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shop vac ash vacume ? any good ?

Post in 'The Pellet Mill - Pellet and Multifuel Stoves' started by chico, Sep 6, 2013.

  1. chico

    chico Member

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    I am thinking of buying a shop vac ash vac because I cant find a powersmith in Canada . Has anyone tried the shop vac ash vac ?? dose it work well ??

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  2. scottvwgti

    scottvwgti New Member

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    I use a standard shop vac with a HEPA filter on it. I also have an ash vac, but I find it doesn't have nearly the suction power of my shop vac. Obviously you can't vac hot ash with your standard shop vac, but my stove takes only like 20-30 minutes to cool anyways. If you have a shop vac already, just get a HEPA filter and save some money IMO.
  3. reallyte

    reallyte Member

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    Shopvac with a bag is the way to go. No HEPA filter? Just put a towel over the exhaust, works well for me.
  4. chico

    chico Member

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    not a big fan of using a standard shop vac anymore. I use to do that but last year after waiting 2 hours and than cleaning I must have sucked up a hot amber and I had a fire ball coming out of the back :ZZZlol. The wife was not impressed <>so this year its a ash vac for me ;em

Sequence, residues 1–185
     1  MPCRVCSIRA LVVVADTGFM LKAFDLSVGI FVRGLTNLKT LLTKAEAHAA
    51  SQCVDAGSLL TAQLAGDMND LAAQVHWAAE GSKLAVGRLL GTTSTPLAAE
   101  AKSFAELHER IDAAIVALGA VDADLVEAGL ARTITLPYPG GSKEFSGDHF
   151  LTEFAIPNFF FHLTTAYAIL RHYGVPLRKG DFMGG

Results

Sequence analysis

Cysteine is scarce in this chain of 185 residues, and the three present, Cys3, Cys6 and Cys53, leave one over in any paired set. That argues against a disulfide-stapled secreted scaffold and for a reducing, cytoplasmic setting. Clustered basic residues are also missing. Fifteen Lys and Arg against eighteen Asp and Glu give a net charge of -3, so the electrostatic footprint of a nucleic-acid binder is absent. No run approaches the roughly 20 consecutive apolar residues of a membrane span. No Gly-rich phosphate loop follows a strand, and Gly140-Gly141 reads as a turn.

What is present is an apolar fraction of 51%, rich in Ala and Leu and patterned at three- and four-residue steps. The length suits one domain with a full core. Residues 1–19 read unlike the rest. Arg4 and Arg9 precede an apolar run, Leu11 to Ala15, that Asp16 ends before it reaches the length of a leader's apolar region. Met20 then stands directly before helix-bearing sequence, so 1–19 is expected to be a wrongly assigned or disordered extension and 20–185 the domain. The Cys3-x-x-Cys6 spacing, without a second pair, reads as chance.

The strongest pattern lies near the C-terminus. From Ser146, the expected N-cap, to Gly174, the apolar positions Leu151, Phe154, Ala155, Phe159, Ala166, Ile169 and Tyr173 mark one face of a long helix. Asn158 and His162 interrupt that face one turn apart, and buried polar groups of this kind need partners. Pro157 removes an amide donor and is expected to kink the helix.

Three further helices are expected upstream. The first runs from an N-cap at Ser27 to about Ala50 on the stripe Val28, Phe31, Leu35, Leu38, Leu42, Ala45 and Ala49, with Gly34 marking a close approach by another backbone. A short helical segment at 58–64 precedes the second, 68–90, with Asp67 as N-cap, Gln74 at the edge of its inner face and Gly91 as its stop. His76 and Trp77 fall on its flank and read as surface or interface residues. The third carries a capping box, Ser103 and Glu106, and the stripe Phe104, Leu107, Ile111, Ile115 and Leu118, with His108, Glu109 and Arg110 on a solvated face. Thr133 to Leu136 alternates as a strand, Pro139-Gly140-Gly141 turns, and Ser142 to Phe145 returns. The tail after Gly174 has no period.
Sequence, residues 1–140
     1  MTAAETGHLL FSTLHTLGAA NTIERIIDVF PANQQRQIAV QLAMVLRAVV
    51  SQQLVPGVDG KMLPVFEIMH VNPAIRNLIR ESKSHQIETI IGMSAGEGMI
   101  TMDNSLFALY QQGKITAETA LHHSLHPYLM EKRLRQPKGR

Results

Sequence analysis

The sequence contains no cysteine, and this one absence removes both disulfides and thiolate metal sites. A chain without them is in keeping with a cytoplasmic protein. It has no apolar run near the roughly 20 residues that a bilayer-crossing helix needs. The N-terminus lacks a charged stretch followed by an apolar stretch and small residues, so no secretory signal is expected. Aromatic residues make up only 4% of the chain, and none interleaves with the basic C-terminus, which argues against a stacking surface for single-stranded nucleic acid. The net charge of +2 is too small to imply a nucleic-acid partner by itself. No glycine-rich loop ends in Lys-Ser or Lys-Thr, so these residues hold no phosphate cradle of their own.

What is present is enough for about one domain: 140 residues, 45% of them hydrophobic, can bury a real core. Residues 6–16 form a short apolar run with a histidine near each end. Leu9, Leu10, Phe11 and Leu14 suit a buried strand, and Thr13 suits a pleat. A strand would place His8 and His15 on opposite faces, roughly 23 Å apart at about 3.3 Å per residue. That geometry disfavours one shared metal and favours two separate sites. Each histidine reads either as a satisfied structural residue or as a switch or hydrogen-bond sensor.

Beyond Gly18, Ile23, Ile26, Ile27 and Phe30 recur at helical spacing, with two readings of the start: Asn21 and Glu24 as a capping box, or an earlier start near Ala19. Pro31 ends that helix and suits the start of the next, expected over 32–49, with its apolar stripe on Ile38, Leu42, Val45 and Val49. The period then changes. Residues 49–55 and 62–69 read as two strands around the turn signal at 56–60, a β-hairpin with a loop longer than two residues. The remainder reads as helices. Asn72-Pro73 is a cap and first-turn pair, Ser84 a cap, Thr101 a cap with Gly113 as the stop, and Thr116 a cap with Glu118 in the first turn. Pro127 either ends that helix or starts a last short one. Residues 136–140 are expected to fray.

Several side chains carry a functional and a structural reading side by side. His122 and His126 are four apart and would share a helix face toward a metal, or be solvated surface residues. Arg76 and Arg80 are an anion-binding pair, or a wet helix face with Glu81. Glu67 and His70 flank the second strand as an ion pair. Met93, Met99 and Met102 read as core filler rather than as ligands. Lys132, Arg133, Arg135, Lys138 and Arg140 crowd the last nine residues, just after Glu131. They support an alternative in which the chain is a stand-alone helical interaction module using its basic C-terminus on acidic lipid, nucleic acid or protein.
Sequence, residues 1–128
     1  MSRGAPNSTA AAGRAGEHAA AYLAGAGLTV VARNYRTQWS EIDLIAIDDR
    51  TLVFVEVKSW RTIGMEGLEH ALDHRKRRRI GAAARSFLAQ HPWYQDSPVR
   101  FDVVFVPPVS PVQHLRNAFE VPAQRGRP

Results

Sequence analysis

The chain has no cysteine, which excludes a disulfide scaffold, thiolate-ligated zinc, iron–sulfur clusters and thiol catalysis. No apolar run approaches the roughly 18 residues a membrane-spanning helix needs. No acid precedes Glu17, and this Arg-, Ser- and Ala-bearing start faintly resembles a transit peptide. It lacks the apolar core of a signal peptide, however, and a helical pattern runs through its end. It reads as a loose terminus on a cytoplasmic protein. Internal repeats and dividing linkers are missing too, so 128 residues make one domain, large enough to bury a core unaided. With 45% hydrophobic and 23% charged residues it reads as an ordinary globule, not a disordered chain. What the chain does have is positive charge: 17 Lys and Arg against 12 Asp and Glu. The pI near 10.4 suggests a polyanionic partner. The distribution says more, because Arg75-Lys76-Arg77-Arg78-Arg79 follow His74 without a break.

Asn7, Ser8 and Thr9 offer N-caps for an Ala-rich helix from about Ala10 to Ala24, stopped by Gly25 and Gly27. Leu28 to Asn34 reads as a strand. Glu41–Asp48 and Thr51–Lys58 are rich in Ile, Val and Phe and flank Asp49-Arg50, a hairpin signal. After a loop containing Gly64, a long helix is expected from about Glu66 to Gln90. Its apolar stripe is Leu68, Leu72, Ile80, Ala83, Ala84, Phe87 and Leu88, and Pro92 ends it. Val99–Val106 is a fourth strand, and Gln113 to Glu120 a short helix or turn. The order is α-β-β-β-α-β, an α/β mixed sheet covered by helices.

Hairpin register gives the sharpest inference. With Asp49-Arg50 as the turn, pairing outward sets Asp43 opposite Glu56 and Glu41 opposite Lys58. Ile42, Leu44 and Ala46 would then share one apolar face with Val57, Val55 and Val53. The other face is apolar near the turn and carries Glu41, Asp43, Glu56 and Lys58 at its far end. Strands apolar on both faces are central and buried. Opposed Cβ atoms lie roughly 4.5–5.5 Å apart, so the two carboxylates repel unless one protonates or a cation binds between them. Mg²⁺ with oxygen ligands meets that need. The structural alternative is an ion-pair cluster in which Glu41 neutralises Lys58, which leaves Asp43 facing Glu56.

pen likes this.
  5. DneprDave

    DneprDave Burning Hunk

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    I use a standard wet/dry vac. I bought a filter for it from Home depot, that I can hose off to clean.

    It traps all of the dust and ash. I never vacuum the stove unless it is stone cold.

    Dave
  6. john193

    john193 Minister of Fire

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    I would still wait just as long with an ash vac. Who's to say the filter won't catch fire on it?
    jtakeman likes this.
  7. Bioburner

    Bioburner Minister of Fire

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    I try and scrape and clean as much with a scraper and brush with the stove exhaust fan running before using a vac with sheetrock bag to finish then set the vac outside. We have the luxury now of a second stove to fire while waiting at least 2 hours before cleaning.
  8. smoke show

    smoke show Guest

    shop vac with a bag. ftw.